REVIEW: This was a so-so evening for the panel. After Arlene discovered that the first contestant had something to do with garbage cans, guest panelist Sue Oakland guessed that Mrs. Toppino decorated them. However, the panel was totally stumped by the eight year old pool shark. It was during the questioning of the kid that Bennett got the biggest laugh of the night when he asked the young man, "Larry, does the specialty that you perform require dexterity of some sort? Bennett must have forgotten that he was dealing with a child, and the kid had a look of puzzlement as the question was asked. The boy then turned and asked John in a barely audible voice, "What's that?" and the panel and the audience roared with laughter! Arlene did a good job in guessing Shirley MacLaine's baby brother, Warren Beatty. Beatty was on the show to promote his 1966 film "Kaleidoscope." This was still fairly early in Beatty's career, before he became the international superstar and acclaimed actor he would become starting with the film he made the very next year, the ultra-violent "Bonnie and Clyde." Fast-forwarding a few years, Warren Beatty would be the subject of one of rock music's most famous guessing games. In 1972, many people speculated that Beatty was the subject of Carly Simon's number one single "You're So Vain." Many people also speculated that Mick Jagger was the subject of the song, since he sang backup on it. When all was said and done, this first color episode was a truly fun evening. - Sargebri (2004)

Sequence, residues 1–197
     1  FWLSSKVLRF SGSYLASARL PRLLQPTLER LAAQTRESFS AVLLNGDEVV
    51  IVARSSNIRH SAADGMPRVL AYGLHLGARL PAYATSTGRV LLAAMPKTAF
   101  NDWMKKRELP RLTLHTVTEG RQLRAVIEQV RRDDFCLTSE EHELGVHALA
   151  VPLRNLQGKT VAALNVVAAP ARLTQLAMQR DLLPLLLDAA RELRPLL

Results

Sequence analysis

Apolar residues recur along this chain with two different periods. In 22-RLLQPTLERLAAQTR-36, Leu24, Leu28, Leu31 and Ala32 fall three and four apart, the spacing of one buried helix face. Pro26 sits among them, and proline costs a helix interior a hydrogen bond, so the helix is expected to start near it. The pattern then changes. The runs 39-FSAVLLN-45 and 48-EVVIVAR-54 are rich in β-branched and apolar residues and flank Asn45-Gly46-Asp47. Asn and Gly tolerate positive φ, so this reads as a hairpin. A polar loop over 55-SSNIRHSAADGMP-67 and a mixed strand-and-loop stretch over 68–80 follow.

NOW IN COLOR - This episode was announced as the first regular "color" episode of the series. However, the version shown on GSN in March 2002 was shown in black and white. The answer comes from Eric Paddon: "Barring a miracle, you will never see a John Daly WML in color. While the last season was in color, Goodson-Todman only preserved it in B/W kinescope format. I once asked Gil Fates about this, and he said the reason they kept preserving nighttime shows in kinescope format was because CBS only charged them about $10 for a kinescope copy, which was far more economical than keeping color videotape masters." - Suzanne (2004)
Steve Lawrence and his wife Eydie Gorme are opening at the Copa on September 19, 1966. During the goodbyes, Steve Lawrence said, "To all the friends of WML that are celebrating the New Year shortly, have a very happy one." Steve was not speaking of the calendar new year, but of Rosh Hashanah, the Jewish spiritual New Year. The date varies according to Hebrew custom, but in 1966, Rosh Hashanah (year 5727) fell on September 15, 1966. Steve Lawrence is of the Jewish faith. - Dave Statter (2004)
Warren Beatty promoted his 1966 film, "Kaleidoscope." He wore thick black-rimmed glasses during his game. This style was very popular at this time. - Suzanne (2004)